The Ohio Attorney General’s office has awarded a $2.1 million grant to the Wexner Medical Center’s Stress, Trauma and Resilience Program, according to an Ohio State press release.
The STAR Trauma Recovery Center, which offers specialized services to survivors of crime and their families across central Ohio and part of Ohio State’s Neurological Institute, will hire additional clinical staff to provide case management, therapy and medication management to help patients after a traumatic experience.
“This crucial new funding will enable growth of the STAR Trauma Recovery Center,” Dr. K. Craig Kent, dean of Ohio State’s College of Medicine, said in the press release. “We’ll create new survivor support service options and broaden community outreach efforts to enhance access to care in traditionally marginalized and underserved parts of our community.”
The funding is part of $111.8 million in grants to more than 400 crime victim service providers across Ohio that was announced earlier this year by Ohio Attorney General Mike DeWine.
“Expanding the capacity of The Ohio State University Wexner Medical Center’s STAR program helps ensure victims of crime have support they need, often when they are feeling the most vulnerable and alone,” DeWine, who will take office as Ohio’s next governor next year, said in the release. “By providing services beyond traditional care, we can help reduce the impact of trauma and care for the whole person.”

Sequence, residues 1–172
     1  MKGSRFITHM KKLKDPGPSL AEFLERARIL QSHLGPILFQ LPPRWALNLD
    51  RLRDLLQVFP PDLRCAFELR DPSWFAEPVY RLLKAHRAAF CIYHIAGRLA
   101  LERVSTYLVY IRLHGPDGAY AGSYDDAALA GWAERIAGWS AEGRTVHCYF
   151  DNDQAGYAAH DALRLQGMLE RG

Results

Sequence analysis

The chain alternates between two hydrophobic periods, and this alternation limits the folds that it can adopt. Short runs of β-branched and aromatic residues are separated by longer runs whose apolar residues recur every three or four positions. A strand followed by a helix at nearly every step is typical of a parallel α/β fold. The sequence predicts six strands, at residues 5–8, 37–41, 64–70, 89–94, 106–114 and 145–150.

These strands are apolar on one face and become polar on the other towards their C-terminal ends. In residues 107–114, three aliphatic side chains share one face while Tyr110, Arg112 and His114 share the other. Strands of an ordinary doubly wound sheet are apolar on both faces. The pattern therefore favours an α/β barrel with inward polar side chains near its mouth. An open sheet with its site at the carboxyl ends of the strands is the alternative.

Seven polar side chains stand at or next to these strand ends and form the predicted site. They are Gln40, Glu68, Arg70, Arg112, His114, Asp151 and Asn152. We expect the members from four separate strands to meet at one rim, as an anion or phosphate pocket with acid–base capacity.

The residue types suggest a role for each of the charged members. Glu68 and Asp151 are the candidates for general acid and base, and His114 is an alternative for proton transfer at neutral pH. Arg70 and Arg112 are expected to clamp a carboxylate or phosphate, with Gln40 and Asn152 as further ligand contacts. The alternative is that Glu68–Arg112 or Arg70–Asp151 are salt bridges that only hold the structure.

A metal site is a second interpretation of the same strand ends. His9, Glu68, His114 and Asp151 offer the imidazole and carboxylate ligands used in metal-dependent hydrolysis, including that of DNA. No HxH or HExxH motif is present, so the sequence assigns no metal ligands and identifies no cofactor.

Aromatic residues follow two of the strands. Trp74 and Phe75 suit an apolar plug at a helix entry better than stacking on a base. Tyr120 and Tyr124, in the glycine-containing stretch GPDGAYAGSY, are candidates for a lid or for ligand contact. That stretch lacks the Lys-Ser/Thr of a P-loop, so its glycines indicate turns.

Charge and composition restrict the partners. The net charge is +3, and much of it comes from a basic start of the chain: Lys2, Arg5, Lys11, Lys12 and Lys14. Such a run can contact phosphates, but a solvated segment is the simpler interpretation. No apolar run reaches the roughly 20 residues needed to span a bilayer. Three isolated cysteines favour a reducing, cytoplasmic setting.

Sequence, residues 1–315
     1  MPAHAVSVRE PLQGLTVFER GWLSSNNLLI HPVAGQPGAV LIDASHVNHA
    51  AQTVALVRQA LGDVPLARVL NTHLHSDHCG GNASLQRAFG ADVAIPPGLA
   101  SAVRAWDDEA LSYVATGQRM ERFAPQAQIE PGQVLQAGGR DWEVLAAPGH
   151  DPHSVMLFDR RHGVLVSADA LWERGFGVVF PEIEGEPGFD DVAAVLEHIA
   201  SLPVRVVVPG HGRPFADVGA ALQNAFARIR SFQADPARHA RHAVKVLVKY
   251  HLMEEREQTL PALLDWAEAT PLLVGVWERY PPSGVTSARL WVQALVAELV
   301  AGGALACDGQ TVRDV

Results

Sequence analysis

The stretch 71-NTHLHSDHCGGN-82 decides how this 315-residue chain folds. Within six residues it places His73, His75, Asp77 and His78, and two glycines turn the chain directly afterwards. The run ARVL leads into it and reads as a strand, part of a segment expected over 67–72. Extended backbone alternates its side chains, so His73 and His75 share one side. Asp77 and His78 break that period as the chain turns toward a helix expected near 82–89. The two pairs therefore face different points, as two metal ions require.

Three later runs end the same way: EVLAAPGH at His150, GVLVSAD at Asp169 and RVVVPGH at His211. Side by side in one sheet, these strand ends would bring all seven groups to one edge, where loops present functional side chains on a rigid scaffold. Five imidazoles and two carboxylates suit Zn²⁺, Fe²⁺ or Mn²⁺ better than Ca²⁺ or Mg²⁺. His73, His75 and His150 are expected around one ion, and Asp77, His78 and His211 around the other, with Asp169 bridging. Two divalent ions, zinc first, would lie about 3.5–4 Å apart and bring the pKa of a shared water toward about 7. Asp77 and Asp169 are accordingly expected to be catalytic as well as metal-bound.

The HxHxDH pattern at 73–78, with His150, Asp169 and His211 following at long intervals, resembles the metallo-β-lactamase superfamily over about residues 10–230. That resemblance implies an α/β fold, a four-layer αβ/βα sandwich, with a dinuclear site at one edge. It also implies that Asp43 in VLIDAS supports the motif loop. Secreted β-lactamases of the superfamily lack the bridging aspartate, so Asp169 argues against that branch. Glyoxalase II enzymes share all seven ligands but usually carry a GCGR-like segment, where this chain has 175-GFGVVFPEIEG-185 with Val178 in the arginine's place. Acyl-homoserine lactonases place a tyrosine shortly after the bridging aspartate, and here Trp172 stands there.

The STAR Program’s Trauma Recovery Center was first funded in January 2017 when the Ohio Attorney General’s office awarded $2.6 million to establish five Trauma Recovery Centers across the state.
“With this new round of funding, we’ll increase access to our program that facilitates healing for adult survivors of trauma, violence, and loss through an innovative, evidence-based model of comprehensive trauma-informed care, advocacy, and outreach,” Ken Yeager, director of the STAR Program, said in the release.
At the Board of Trustees meeting in November, an update on the progress of the mental health task force recommendations was given by Undergraduate Student Government President Shamina Merchant, which included placement of two STAR staff members — a case manager and a counselor — inside Counseling and Consultation Service this spring.
Shawn Semmler, USG vice president, said the STAR Program has been trying to work more closely with CCS as the populations of students that use STAR and that use CCS tend to intersect, so he sees this new funding to STAR as a compliment to CCS.
“STAR treats almost a different population [than CCS], and oftentimes a population that intersects. So I think that STAR is another really good option here on campus,” Semmler said. “But for one reason or another they don’t see as much traffic, and I think some of that has to do with the promotion that they get, but then also how integrated they are with popular offices like CCS.”